He qualified for every race in 2002 and had one top-ten which came at Talladega, raising him to 22nd in the points.
At the start of the 2003 season Kyle had a new sponsor from Brawny and Georgia Pacific due to Sprint leaving at the end of the previous season. He missed three races in 2003 and fell back to 37th in the standings.
He moved up four spots in the points in 2004 to 33rd and had a best finish of 12th for the year. This year the Victory Junction Gang Camp opened and is currently an official charity of NASCAR.
In 2005, he competed in every race for the first time in three years with two top-tens; he finished 27th in the points standings.
Georgia pacific left the #45 car at the end of 2005 which left Kyle to get new sponsorship from Wells Fargo, Schwan’s, and Marathon Oil. He had two top tens with his new sponsors and finished 32nd in points.
In 2007 he went to the Coca-Cola 600 in his Coke Zero #45 Dodge Charger starting 36th; that didn’t stop him, he went on to finish 3rd with a fuel gamble; that was the first time he had a top five since 1997. Later on in the season he took 5 races off to work as a color commentator for TNT's Nextel (Sprint) Cup coverage, replacing the late Benny Parsons.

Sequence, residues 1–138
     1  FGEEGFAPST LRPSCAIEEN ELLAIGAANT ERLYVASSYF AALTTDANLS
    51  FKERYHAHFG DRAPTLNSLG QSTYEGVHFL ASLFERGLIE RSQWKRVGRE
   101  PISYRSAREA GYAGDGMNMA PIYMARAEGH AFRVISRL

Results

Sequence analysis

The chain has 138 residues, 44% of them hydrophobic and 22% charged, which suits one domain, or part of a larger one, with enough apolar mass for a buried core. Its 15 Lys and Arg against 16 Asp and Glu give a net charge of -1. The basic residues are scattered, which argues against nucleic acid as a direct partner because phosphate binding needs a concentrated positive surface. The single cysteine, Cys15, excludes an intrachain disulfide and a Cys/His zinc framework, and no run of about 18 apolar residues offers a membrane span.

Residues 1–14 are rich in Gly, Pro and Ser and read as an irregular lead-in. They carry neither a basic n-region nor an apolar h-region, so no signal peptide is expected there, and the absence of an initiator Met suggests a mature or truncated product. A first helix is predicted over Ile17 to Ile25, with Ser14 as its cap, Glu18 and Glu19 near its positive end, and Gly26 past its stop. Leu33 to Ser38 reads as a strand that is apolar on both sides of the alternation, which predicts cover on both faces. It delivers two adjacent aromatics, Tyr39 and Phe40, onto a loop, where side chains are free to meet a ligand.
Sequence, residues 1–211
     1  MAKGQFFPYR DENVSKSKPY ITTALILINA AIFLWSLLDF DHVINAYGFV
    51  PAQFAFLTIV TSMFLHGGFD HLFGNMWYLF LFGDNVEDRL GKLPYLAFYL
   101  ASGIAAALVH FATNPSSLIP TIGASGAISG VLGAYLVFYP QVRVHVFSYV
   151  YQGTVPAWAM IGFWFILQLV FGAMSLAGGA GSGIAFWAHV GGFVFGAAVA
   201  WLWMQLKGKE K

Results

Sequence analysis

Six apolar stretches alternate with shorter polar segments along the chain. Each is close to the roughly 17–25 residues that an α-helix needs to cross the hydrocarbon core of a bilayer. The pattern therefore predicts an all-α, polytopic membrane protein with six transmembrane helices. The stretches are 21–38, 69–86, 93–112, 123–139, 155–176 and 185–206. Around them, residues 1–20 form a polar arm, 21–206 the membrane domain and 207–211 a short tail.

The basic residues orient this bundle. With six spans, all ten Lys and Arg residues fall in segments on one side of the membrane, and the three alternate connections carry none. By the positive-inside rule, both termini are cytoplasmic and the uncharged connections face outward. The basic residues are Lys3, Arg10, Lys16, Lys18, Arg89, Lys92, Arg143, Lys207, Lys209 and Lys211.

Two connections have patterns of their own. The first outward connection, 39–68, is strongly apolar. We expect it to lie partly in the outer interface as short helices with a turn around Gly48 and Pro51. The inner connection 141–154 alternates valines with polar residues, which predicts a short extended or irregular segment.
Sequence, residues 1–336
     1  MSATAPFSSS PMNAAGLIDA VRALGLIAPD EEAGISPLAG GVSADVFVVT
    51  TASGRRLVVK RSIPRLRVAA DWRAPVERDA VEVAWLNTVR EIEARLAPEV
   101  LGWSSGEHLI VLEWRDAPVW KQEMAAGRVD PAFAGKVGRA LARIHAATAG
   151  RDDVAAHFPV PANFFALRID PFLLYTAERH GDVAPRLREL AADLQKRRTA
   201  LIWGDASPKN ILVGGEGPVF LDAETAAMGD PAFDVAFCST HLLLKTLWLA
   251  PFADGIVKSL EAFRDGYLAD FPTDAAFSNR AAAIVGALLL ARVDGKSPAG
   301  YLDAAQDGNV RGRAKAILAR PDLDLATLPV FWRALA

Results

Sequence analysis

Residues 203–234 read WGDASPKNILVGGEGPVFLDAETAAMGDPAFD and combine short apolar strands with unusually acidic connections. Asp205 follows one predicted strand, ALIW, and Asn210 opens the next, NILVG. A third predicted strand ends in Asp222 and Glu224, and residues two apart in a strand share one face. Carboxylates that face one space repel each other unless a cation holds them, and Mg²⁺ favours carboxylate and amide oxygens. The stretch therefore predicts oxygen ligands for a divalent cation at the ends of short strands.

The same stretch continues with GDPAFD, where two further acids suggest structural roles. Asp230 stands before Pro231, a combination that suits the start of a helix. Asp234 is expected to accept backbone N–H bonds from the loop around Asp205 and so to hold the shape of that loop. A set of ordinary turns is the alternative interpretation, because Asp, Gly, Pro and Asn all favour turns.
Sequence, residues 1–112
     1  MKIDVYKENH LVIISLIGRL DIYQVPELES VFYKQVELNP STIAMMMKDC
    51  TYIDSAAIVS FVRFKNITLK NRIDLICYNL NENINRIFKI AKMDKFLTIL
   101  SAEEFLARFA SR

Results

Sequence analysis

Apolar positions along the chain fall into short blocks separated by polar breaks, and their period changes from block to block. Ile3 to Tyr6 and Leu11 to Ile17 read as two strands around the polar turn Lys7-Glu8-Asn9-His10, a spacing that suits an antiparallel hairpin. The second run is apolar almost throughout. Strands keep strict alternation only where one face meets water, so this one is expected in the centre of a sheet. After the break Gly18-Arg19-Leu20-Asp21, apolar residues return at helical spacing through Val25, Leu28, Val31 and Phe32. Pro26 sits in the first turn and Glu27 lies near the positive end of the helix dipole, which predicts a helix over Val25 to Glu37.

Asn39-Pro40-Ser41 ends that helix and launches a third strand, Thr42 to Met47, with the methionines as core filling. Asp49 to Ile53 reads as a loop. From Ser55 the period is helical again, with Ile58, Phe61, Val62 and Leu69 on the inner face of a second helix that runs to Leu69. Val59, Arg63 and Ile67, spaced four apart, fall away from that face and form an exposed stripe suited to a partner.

Early in the 2008 season, Petty Enterprises was purchased by Boston Ventures, causing Petty to step aside as the team's CEO. When the #45 car fell out of the top-35 in owner's points, he took a large portion of the season off, including races that did not conflict with his broadcasting duties. After fourteen races, his best finish was a 24th at Richmond. He finished 39th in his final 2008 start in the fall race at Phoenix International Raceway after getting swept up into a multi-car crash. Kyle and his wife Pattie announced there would be a new Victory Junction Gang camp in the Kansas City area due to the overwhelming results of the one in Level Cross.
Petty didn’t race during the 2009 season; Kyle was supposed to race in the Grand-am series but later pulled out. He is un-officially retired from NASCAR which means the legacy of the Petty’s are over for now.
Every time Petty is on television he wears a black hat with a #45 crossed out on it; when asked what that was for he said it was in memorial of his late son Adam. His T.V jobs include being on Trackside and NASCAR Smarts; he also hosts the weekly talk show “Fast Talk” on the Performance Racing Network (PRN). He is an inductee in both the Philanthropy Hall of Fame and the Humanitarian Hall of Fame.
When he is not working he is at home with his wife Pattie and his two children Austin and Montgomery Lee.